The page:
Distorted Descent: White Claims to Indigenous Identity

Distorted Descent: White Claims to Indigenous Identity

Distorted Descent: White Claims to Indigenous Identity

Distorted Descent: White Claims to Indigenous Identitys

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Référence bibliographique [22064]

Leroux, Darryl. 2019. Distorted Descent: White Claims to Indigenous Identity. Winnipeg (Manitoba): University of Manitoba Press.

Fiche synthèse

1. Objectifs

Intentions :
«This book examines the specifics of a social phenomenon that has been in full flight since the turn of the twenty-first century: the shifting of otherwise white, French descendants in Canada (and the United States) into an Indigenous identity.» (p. 1)

2. Méthode

Échantillon/Matériau :
The author has «employed a range of research methods. [First, he analysed] public posts and threads on five prominent French-descendant online genealogy forums […] on topics such as Indigenous ancestry, Indigenous identity, and/or indigeneity. [He] analyzed sixty-eight threads (roughly 750 individual posts) […].» (p. 32-33) The author also constructed his own ancestral family tree using a range of online databases and sources. Finally, the author has «assembled a large archive with hundreds of documents that relate directly to two major court cases in Quebec. [The first is] the Corneau case, [which involves] over twenty members of the Communauté métisse du Domaine-du-Roy et de la Seigneurie de Mingan (CMDRSM) [in] the city of Chicoutimi […].» (p. 35) «The second court case involves the Métis Nation of the Rising Sun (MNRS), located in New Richmond, on the Gaspé Peninsula in Quebec.» (p. 36)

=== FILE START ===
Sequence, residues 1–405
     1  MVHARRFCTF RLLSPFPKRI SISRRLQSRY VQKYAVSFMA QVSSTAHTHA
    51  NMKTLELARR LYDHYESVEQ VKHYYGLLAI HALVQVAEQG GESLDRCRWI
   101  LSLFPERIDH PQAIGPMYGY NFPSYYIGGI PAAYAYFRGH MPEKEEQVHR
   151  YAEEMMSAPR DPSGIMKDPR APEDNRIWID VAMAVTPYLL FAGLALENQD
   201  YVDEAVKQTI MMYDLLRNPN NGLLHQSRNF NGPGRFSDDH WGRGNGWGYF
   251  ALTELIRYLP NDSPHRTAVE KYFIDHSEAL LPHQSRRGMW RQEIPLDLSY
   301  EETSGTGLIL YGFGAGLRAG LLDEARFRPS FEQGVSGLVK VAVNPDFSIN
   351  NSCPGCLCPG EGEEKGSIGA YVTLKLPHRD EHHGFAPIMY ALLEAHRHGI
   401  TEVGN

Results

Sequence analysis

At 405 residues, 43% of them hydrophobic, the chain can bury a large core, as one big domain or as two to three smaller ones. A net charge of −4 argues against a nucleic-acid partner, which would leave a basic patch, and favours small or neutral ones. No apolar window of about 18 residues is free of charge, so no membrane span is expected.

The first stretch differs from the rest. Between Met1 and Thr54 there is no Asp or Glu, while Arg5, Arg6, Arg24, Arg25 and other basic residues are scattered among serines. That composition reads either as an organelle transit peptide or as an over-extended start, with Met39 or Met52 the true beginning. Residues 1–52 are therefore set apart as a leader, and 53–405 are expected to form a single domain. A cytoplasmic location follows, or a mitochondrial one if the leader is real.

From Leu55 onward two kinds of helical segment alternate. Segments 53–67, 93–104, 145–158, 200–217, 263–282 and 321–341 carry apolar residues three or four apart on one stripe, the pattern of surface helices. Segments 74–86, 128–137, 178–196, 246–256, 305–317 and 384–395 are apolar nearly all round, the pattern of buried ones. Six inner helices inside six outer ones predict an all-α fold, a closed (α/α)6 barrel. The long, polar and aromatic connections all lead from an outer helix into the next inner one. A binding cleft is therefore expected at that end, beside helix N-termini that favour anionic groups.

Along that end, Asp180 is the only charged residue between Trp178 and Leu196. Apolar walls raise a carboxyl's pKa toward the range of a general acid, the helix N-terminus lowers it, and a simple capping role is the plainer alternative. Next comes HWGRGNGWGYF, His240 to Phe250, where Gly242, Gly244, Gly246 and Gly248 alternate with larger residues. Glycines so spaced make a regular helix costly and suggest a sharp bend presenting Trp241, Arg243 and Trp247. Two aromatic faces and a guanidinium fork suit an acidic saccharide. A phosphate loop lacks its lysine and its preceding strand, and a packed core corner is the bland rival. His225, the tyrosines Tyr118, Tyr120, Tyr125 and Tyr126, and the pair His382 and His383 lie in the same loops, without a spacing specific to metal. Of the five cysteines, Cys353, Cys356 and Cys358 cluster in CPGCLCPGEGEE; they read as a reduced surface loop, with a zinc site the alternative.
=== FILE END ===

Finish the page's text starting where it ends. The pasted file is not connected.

Type de traitement des données :
Réflexion critique
Analyse de contenu

3. Résumé

The author starts his analysis «through identifying and explaining the genealogical mechanics underwriting these recent claims to an Indigenous identity on a series of online genealogy forums. [His] observations about the multiple practices of descent—that is, which ancestors are reclaimed and in which ways—on these forums present a rich tapestry through which to observe contemporary identity formation: Indigenous ancestors are invariably sought, though not always found; several French women ancestors from the seventeenth century are reconstructed into Indigenous women, only to return to their previous French identity; and famous Indigenous people are remade as family, absent any direct ancestral relationship. Second, once [he] establish[es] the common genealogical practices facilitating self-indigenization, [he discusses] two of the most prominent self-identified “métis” organizations currently operating in Quebec. Both organizations have their origins in a committed opposition to Indigenous land and territorial negotiations and encourage the use of the genealogical practices that [the author identifies] on the online forums. In this sense, the first part of the book hones in on the specific practices that lead French descendants to claim an Indigenous identity. The second part then explores how these claims are used politically to oppose actual, living Indigenous peoples. The very nature of this study in questions of identity, ancestry, family, kinship, and belonging means that it is taking a path strewn with obstacles.» (p. 2-3)